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August 2011

Liquified natural gas surfaces on Columbia

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Articles - August 2011
Wednesday, July 20, 2011
0811_LNGLiteSurfacesOnColumbiaA scaled-down plan for importing liquefied natural gas at Bradwood Landing is quietly working its way through the regulatory system after the failure of a proposed $650 million LNG project at the same location.
 

Barre3 grows with revival of group fitness classes

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Articles - August 2011
Wednesday, July 20, 2011
0811_HeadingToTheBarreTogether_04For decades, people have been sweating and stretching as an instructor leads the way (think Jazzercise, step aerobics or Jane Fonda). As long as misery loves company, it seemed group fitness classes would endure. But in the past few years — since the recession — group classes have become even more in vogue, a trend that’s buoyed a Portland-based startup.
 

Budding entrepreneurs get tamale traction

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Articles - August 2011
Wednesday, July 20, 2011
0811_MicroSteps_03Should budding entrepreneurs strike out on their own? Or is it more effective to pool resources with like-minded business owners? That was the dilemma facing the “micro mercantes” tamale vendors, a group of low-income Latinas who participate in a microenterprise program sponsored by Hacienda Community Development Corporation.
 

Saucy startup finds success with foodies

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Articles - August 2011
Wednesday, July 20, 2011
0811_SaucyStartupFindsSuccessWhatever you do, don’t call Barcelona’s No. 1 Mole Poblano a chocolate sauce, says Roberto Riquelme, one of three partners at Barcelona Sauces, a year-old company based in Bend.
 

Cell phone law loophole closed

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Articles - August 2011
Wednesday, July 20, 2011
0811_PutDownThePhoneA loophole large enough to drive your truck through while jabbering on your cell phone has been nailed shut.
 

Oregon's venture capital share grows

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Articles - August 2011
Wednesday, July 20, 2011
0811_OregonsVC_DataburstVenture capital investment in Oregon leaped 114.5% in 2010.
 

Gold rush in Malheur County

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Articles - August 2011
Wednesday, July 20, 2011
0811_GoldRushIngMalheurA Canadian mining company is gathering permits and underground data in preparation for developing the first large-scale gold mine in Oregon in decades, as the price for gold hovers at $1,600 per ounce.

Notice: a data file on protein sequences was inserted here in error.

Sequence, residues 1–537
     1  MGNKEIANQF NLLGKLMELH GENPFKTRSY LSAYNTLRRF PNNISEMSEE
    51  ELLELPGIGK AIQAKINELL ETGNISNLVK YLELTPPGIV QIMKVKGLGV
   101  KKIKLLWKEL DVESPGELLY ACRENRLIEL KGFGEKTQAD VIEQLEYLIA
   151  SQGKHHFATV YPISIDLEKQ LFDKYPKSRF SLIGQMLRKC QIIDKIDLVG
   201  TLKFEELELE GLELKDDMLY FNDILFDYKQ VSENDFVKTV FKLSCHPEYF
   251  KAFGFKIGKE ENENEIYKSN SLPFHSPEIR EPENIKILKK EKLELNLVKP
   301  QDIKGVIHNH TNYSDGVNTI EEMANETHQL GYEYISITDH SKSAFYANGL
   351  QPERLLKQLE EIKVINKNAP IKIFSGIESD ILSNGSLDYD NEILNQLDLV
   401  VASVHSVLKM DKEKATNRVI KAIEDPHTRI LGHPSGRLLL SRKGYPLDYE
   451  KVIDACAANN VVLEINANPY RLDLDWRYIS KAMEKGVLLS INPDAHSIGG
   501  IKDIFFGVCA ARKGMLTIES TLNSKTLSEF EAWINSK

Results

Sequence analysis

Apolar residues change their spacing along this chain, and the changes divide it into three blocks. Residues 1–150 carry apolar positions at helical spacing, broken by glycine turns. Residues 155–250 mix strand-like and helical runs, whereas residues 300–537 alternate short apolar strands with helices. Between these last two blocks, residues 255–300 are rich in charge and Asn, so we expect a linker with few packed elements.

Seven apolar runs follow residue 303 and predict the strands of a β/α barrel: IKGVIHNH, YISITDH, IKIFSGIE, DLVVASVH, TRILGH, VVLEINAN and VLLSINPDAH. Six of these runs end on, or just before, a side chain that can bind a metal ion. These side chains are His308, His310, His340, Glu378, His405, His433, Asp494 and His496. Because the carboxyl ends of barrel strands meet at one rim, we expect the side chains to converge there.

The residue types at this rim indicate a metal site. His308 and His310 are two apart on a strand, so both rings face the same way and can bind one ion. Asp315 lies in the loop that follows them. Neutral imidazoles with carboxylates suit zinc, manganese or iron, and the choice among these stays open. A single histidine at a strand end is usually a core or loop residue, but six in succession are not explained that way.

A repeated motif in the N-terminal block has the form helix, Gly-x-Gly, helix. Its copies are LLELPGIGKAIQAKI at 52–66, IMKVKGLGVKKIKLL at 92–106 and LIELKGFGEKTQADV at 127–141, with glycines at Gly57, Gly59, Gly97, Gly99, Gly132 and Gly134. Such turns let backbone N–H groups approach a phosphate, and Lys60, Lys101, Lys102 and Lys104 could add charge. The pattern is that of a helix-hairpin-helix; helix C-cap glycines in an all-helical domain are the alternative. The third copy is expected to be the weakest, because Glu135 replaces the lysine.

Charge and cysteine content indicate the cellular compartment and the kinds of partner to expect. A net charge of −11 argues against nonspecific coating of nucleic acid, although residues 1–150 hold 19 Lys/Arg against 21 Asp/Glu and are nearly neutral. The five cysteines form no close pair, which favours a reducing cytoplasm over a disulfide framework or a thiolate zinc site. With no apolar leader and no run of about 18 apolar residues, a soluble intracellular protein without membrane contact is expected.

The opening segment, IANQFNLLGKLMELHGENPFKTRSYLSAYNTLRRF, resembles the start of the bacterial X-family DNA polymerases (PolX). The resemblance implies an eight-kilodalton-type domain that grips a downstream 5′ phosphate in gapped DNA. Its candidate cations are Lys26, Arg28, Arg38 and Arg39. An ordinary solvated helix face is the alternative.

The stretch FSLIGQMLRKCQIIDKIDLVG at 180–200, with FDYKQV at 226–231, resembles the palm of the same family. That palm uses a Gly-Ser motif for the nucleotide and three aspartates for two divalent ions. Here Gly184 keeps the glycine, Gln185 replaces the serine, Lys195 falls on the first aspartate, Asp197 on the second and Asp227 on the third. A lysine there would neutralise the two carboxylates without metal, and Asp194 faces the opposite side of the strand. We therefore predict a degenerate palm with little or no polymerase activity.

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Trends in business succession

News
Thursday, July 03, 2014
TrendsBY TED AUSTIN & MIKE BAELE | GUEST CONTRIBUTORS

The Office of Economic Analysis announced that Oregon is currently enjoying the strongest job growth since 2006. While this resurgence has been welcome, the lingering effects of the 2008 “Great Recession” continues to affect Oregon businesses, especially with regard to estate planning and business succession.


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College Hacker

September 2014
Wednesday, August 27, 2014
BY KLINT FINLEY

Treehouse CEO Ryan Carson builds a 21st-century trade school.


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Community colleges and sustainability

Contributed Blogs
Thursday, July 31, 2014
sustainabilityBY MARY SPILDE | OB GUEST CONTRIBUTOR

Faced with the aftermath of the “great recession,” increasing concern about the environment and dwindling family wage jobs, we have some very important choices to make about our future.


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Register for 100 Best Companies survey

News
Wednesday, August 20, 2014
OBM-100-best-logo-2015 150pxwBy Kim Moore | OB Editor

The 2015 survey launched this week. It is open to for-profit private and public companies that have at least 15 full- or part-time employees in Oregon.


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Two sides of the coin

Contributed Blogs
Monday, August 25, 2014
0825 thumb moneyBY JASON NORRIS | OB GUEST BLOGGER

Ferguson Wellman’s investment views on the economy and capital markets.


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Risks & rewards of owning triple net investments

Contributed Blogs
Thursday, July 24, 2014
NNNinvestmentBY CLIFF HOCKLEY | OB GUEST CONTRIBUTOR

With the increasing retirements of Baby Boomers, a massive real estate shift has created a significant increase in demand for NNN properties. The result? Increased demand has triggered higher prices and lower yields.


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Updated: Disrupting innovation

News
Tuesday, July 08, 2014
070814 thumb disputive-innovationBY LINDA BAKER  | OB EDITOR

The New Yorker recently published a sharply worded critique of “disruptive innovation,” one of the most widely cited theories in the business world today. The article raises questions about the descriptive value of disruption and innovation  — whether the terms are mere buzzwords or actually explain today's extraordinarily complex and fast changing business environment. 

Update: We caught up with Portland's Thomas Thurston, who shared his data driven take on the disruption controversy.


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